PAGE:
Last Friday, the NCAA announced that they would welcome fans to Indianapolis and San Antonio, where men’s and women’s basketball tournaments are to be held this season. This move will generate millions in ticket revenue, but it will also risk further spread of COVID-19.

On March 18, a 68-team men’s tournament will be played in Indianapolis in front of crowds of up to 25 percent capacity at sites ranging from 9,100-seat Hinkle Fieldhouse to Lucas Oil Fieldhouse, which can normally seat up to 70,000 fans for the regional finals and the Final Four.

On March 21, the 64-team women’s tournament will begin in San Antonio, allowing 17 percent capacity from the regional semifinals through the championship finals. Those games will take place at the Alamodome, which has a 31,900 seat capacity for basketball.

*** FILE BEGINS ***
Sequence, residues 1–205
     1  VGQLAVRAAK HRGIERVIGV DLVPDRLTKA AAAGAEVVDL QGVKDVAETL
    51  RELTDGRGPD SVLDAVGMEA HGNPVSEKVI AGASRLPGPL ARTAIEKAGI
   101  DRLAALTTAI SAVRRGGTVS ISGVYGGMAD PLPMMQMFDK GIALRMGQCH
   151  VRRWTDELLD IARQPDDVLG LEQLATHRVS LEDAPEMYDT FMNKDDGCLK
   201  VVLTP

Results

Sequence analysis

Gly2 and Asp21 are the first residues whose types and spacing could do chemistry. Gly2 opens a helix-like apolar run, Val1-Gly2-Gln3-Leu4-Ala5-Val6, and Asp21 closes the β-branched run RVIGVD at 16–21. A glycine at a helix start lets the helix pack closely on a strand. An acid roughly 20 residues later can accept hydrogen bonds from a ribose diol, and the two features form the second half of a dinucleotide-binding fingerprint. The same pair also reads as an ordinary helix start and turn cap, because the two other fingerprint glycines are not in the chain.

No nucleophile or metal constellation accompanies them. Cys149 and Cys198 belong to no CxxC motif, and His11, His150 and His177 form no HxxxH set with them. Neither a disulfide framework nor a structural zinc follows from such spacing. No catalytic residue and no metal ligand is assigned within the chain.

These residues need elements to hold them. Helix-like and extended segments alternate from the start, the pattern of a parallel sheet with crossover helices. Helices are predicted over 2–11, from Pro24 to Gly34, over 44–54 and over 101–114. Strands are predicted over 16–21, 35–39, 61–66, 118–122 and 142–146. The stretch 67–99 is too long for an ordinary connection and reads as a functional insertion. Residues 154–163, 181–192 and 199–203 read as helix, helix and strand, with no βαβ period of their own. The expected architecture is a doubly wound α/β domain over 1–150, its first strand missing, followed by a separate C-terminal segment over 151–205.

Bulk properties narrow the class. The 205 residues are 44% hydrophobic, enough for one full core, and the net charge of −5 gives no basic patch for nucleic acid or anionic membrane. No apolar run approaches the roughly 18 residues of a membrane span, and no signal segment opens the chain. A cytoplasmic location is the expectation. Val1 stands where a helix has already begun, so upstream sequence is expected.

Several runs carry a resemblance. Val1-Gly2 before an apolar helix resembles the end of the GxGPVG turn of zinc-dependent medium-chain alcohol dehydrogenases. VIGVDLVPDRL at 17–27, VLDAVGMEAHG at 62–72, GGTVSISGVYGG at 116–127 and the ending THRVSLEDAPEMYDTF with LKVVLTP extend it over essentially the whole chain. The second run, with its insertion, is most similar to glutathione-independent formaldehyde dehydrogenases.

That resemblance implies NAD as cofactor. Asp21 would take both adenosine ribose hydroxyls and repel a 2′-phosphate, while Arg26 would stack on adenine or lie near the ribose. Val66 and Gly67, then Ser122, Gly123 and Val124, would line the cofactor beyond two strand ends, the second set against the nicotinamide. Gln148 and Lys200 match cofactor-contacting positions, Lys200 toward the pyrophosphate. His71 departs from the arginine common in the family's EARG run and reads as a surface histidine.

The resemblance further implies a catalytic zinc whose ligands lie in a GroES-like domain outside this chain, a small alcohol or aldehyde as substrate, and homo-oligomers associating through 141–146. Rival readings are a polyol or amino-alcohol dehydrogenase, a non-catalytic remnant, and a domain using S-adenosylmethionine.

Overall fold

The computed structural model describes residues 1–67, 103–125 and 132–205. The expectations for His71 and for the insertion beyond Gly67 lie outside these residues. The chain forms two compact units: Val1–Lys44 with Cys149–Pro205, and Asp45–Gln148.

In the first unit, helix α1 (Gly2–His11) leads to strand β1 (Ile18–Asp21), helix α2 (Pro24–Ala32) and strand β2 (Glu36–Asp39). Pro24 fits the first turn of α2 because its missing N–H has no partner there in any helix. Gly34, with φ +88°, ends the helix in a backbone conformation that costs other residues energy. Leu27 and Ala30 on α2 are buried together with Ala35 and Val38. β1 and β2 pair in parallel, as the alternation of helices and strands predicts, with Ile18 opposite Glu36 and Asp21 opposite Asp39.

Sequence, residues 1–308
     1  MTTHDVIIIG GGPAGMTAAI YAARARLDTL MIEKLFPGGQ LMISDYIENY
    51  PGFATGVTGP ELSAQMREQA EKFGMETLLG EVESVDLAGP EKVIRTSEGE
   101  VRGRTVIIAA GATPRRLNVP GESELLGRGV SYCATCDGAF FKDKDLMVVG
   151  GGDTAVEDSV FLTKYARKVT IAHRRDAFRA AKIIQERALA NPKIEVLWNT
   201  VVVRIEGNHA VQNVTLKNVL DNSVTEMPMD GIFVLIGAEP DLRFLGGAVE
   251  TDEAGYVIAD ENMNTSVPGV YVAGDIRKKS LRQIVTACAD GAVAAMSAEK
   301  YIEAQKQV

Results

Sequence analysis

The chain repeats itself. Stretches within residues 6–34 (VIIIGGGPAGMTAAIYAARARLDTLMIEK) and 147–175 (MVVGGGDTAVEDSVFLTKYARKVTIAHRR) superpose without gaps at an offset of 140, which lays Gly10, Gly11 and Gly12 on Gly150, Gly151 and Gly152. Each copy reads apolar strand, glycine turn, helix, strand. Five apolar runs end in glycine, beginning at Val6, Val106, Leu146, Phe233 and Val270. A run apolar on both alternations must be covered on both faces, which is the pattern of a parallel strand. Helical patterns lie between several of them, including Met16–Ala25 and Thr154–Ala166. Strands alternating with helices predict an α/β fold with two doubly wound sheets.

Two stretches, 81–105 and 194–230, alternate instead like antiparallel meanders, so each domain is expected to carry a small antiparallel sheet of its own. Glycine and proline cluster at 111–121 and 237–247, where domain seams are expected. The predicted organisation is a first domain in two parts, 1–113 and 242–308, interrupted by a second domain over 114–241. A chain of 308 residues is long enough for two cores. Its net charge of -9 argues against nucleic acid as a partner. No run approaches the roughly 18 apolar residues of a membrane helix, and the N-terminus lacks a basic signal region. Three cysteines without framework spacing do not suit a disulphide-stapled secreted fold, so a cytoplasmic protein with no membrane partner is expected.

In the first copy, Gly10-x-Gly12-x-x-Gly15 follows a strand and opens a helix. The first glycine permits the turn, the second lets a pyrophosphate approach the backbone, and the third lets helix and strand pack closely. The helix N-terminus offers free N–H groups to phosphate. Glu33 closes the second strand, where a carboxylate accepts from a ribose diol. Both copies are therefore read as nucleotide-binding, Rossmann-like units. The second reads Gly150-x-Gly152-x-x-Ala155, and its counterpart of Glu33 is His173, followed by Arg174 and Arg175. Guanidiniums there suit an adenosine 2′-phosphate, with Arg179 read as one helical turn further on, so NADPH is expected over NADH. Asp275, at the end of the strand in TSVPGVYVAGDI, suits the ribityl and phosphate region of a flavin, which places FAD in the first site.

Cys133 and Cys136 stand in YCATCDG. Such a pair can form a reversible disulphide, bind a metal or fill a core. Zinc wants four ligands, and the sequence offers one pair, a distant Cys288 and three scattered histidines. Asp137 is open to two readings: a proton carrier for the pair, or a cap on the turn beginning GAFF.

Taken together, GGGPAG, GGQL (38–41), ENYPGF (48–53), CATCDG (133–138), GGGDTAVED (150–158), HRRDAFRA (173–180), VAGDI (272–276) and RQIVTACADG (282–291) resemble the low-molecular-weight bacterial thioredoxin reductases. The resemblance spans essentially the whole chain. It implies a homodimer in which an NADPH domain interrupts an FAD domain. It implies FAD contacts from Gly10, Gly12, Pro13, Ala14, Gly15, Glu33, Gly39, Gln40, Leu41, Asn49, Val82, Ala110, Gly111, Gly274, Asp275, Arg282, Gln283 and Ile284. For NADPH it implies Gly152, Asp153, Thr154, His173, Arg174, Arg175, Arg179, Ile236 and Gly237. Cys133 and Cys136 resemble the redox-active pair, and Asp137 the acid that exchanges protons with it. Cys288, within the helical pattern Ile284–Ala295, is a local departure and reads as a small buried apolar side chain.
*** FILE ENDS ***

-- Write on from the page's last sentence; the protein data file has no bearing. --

It should be noted that crowds at the first and second-round games, especially those played in smaller arenas, will be limited to several hundred friends and family members. These limits were decided after consultation with local health authorities, according to the NCAA.

The NCAA decided to move its entire tournaments, which are each normally played at more than a dozen sites around the country, to Indianapolis and San Antonio to create restrictive environments to increase the safety of the dozens of teams involved and to avoid interruptions because of positive tests.

Fans will be required only to wear masks and practice social distancing in arenas. The NCAA said it would announce information on ticket sales for the basketball tournaments next month.

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